The neuronal cell cycle as a mechanism of pathogenesis in Alzheimer's disease.

Antonio Currais, Tibor Hortobágyi, Salvador Soriano

Research output: Contribution to journalReview article

59 Citations (Scopus)


Differentiated neurons display specific biochemical, physiological and morphological properties that apparently prevent them from further cell division. Nevertheless, expression of cell cycle modulators persists after neuronal differentiation and is upregulated under stress conditions, such as trophic factor deprivation, oxidative stress and the presence of DNA damaging agents. This apparent reactivation of the cell cycle has been postulated as a sine qua non for neuronal death in response to those stress conditions, particularly in Alzheimer's disease. However, the physiological and pathogenic implications of a putative neuronal cell cycle are far from clear. Here, we discuss the notion of the neuronal cell cycle as a mediator of cell death, with particular emphasis on Alzheimer's disease.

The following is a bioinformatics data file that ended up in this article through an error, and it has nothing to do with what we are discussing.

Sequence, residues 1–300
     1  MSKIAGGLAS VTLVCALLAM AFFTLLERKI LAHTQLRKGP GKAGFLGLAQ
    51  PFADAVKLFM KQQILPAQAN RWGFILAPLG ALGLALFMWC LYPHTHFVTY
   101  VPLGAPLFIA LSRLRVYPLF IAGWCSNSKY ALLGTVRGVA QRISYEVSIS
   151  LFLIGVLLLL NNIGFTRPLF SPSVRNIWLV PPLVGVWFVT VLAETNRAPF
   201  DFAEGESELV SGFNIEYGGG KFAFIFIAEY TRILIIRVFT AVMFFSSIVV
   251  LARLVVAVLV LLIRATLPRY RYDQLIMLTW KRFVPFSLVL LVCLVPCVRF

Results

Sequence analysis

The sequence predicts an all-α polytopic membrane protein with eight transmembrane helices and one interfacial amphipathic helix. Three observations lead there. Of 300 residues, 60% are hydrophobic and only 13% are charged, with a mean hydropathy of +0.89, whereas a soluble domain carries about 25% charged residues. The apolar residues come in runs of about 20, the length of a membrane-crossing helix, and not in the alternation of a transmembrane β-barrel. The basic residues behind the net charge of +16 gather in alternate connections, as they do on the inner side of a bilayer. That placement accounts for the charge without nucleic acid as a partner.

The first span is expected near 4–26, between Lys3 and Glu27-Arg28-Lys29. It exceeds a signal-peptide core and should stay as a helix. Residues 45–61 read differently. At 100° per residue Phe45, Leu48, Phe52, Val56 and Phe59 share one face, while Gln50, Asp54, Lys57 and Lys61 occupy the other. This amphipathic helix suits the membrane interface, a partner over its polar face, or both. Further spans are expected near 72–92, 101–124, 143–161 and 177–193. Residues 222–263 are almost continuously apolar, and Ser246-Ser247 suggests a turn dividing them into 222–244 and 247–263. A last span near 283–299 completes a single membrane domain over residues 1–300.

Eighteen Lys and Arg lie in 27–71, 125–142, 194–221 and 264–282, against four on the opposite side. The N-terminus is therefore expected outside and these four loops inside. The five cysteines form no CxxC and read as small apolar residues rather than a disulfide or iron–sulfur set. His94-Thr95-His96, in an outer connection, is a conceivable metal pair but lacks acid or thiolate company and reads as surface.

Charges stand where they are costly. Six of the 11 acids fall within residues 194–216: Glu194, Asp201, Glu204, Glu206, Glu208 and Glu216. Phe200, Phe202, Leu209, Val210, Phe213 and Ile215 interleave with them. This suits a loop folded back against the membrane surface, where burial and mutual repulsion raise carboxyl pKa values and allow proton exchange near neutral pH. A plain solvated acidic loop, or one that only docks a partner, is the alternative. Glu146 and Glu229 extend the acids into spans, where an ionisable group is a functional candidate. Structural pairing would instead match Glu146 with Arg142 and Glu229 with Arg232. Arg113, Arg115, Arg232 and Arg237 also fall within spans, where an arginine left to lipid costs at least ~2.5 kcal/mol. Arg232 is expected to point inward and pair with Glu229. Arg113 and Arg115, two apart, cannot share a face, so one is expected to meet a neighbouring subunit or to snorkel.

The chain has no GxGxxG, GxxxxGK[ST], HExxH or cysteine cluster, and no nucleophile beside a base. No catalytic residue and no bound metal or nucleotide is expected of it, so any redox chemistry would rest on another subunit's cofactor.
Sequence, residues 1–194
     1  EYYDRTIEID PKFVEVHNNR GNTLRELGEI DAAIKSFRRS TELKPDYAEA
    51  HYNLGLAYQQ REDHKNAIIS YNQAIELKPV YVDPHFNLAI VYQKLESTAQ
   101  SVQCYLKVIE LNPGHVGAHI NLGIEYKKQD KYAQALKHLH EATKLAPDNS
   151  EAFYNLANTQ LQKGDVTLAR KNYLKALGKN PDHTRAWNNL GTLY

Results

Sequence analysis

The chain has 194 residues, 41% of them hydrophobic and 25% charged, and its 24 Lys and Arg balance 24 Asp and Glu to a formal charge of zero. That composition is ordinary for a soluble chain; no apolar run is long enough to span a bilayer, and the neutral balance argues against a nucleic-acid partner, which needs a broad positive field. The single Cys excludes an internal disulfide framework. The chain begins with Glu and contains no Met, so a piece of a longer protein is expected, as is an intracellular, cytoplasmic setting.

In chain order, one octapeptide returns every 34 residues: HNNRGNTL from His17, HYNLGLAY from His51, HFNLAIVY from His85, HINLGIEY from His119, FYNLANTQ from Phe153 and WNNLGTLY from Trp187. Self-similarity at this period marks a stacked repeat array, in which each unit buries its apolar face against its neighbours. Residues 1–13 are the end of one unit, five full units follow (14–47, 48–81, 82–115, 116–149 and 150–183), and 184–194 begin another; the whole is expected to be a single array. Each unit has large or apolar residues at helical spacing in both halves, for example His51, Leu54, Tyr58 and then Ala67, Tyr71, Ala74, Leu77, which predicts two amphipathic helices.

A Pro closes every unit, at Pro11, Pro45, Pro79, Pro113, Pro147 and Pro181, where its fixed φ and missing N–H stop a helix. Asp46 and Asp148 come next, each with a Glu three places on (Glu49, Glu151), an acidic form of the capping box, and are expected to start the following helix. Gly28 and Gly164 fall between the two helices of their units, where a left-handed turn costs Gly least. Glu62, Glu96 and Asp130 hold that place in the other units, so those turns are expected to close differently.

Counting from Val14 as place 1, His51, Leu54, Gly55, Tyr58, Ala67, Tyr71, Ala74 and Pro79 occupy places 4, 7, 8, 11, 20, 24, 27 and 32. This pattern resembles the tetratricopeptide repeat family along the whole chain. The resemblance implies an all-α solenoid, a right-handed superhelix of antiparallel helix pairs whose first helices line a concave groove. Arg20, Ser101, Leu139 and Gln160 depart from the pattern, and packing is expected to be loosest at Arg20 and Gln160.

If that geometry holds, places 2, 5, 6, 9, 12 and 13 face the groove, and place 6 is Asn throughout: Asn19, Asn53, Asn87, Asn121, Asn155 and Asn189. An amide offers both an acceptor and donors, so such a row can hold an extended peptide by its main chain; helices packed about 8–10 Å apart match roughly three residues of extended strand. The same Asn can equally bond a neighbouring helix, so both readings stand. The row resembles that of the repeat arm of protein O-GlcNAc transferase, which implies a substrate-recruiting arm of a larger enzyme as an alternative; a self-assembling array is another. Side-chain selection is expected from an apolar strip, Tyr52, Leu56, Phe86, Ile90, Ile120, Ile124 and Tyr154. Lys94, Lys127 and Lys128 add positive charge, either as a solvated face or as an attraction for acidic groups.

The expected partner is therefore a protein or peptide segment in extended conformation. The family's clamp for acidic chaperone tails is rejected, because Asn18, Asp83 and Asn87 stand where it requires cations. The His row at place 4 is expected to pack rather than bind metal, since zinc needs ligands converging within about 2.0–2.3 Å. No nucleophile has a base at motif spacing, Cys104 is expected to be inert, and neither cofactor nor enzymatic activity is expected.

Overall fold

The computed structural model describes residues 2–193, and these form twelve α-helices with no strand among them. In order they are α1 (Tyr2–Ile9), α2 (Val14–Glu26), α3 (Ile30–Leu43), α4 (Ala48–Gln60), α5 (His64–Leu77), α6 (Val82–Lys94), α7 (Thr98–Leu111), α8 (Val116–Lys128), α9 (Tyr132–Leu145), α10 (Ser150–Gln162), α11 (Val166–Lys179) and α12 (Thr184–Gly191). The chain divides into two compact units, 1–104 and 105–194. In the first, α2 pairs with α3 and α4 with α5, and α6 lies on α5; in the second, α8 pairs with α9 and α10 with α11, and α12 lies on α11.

Original languageEnglish
Pages (from-to)363-371
Number of pages9
Issue number4
Publication statusPublished - Apr 2009

ASJC Scopus subject areas

  • Ageing
  • Cell Biology

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